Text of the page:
This was really depressing. Takeo and Kaede have been ruling in relative peace for sixteen years, but now everything falls apart. I really couldn't like them very much. Kaede dislikes and fears her daughters just because they are twins which turns one into the monster she is expected to be, Takeo has kept his son a secret from his wife all this time, with tragic consequences, and he's horrible to someone he should care for. They just aren't the generally nice people I remembered. ( )
  Griffin22 | Jul 27, 2020 |
To read more reviews like this, check out my blog keikii eats books!

55 points, 3 stars

“...What does the blessing of heaven mean? We know the kirin is just an animal, not a mythical creature."
"It has become a symbol now.... That is the way human beings deal with the world.”

Wow, I didn't particularly care for the previous book but that was personal preference. But this one... This one I really did not like my experience reading The Harsh Cry of the Heron. It was so boring. And long. AND BORING. Lian Hearn described everything in too much detail. Superfluous detail even. And there were so many characters we switched perspectives to. Even when they added nothing new to the story and had nothing going on in the moment.

And there was just so much that was repeated throughout the course of the book. I lost count of the amount of times the same thing happened. Or they said something was going to happen. Part of the blame rests in the amount of narration switches. But part of it is just the fault of the author repeating herself for the sake of repetition.

And have I said this was boring? Just so little happened throughout the book. The other books were slow and didn't have a lot happening in them. This was just a slog. I'm genuinely unsure how I made it to the end.

And the end was really, really not worth it. If you have read the preceding trilogy, you know how it is going to end. But you don't know what is going to happen for that ending to occur. You don't know how it is going to play out. And that is what I have so many issues with. I hated it. You aren't meant to see what happens after the fairy tale ending. Takeo and Kaede had their fairy tale ending in the previous book. I'm sad to have read this. ( )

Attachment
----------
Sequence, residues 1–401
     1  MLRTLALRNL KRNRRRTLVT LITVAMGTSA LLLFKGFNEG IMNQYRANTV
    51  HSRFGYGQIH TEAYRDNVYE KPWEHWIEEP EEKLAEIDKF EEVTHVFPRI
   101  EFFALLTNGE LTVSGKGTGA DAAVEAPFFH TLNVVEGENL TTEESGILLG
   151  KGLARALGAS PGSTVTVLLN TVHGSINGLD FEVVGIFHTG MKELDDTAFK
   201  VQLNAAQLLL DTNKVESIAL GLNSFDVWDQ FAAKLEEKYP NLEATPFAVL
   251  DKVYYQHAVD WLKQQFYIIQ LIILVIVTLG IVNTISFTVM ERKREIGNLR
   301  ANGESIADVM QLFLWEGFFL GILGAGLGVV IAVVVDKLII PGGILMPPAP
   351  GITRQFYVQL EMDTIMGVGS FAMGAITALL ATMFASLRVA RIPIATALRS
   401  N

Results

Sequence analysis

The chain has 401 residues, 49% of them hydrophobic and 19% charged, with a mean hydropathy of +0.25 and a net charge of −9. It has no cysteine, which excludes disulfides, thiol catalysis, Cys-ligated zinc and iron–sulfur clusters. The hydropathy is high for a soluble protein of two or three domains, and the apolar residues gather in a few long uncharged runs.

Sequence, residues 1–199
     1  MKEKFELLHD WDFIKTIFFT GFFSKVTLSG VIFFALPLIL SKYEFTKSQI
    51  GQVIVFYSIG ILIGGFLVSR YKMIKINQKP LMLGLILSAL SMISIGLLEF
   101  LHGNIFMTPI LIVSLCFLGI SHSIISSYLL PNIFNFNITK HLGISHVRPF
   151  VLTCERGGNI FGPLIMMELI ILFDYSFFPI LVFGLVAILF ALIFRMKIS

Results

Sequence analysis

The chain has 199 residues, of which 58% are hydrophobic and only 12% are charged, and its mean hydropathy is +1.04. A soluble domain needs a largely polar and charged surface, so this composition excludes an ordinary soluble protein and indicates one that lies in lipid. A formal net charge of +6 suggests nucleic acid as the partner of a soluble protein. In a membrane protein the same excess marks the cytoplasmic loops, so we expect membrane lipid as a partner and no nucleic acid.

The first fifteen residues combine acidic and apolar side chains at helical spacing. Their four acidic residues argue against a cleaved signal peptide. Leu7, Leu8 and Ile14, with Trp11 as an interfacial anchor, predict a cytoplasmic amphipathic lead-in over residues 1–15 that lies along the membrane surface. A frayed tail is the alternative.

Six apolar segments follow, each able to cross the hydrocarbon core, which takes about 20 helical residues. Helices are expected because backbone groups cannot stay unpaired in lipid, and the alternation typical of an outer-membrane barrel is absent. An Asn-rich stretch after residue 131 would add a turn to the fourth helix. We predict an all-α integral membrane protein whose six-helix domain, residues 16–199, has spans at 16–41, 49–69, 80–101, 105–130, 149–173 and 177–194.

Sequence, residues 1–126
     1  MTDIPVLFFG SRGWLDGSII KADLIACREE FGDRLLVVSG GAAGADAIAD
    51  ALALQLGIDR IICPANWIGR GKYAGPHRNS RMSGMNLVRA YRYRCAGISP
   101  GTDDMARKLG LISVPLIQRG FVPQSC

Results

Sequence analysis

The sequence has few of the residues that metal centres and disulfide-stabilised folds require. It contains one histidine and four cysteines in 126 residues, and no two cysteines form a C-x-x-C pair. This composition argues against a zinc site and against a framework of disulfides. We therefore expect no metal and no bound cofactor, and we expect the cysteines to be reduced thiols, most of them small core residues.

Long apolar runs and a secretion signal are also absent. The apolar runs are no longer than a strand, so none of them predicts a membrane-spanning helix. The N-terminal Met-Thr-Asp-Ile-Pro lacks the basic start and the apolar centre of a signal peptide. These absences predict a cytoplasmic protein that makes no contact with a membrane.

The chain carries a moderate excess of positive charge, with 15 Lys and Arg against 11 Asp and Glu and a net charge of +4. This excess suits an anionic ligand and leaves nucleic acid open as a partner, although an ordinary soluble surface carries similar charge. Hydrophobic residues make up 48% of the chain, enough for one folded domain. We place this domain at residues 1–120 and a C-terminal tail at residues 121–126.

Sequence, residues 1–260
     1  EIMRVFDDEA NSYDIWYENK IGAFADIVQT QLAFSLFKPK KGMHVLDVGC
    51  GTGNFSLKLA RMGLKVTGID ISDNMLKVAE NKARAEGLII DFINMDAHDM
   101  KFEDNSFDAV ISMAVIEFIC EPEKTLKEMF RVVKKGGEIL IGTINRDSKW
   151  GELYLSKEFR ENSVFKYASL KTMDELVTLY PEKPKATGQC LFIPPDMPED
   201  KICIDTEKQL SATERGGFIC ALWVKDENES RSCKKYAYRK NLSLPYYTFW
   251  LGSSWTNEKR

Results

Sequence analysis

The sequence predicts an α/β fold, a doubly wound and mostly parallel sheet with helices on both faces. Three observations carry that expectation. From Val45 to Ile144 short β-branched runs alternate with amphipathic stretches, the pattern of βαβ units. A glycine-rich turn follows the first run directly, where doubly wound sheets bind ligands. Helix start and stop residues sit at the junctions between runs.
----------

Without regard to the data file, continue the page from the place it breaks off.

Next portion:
keikii | Jan 23, 2020 |
Disappointing after the first four books of the Otori series. From the start, this book seemed darker and my expectation was of disaster. It seemed like the author had a life change after writing the first 4 books and was in a more depressed, less optimistic, hopeful mood and the book reflected that. Not that a happy ending is mandatory for me, but rather a better rendering of the character's lives that fits the past books. This book seemed out of character for how this world was in the earlier stories and less interesting. Previously I could hardly put the books down. With this book it was almost drudgery to finish it. ( )
  ZachMontana | Jan 20, 2019 |
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The sound of the Gion Shoja bells echoes the impermanence of all things. 
The colour of the sala flowers reveals the truth that the prosperous must decline.
The proud do not endure, they are like a dream on a spring night; 
The mighty fall at last, they are as dust before the wind. 

The Tale of the Heike / Translated by Helen Craig McCullough
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'Come quickly! Father and Mother are fighting!'
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A conclusion to the Tales of the Otori series brings the conflicts of its medieval Japanese characters full circle.

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Average: (3.77)
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An edition of this book was published by HighBridge.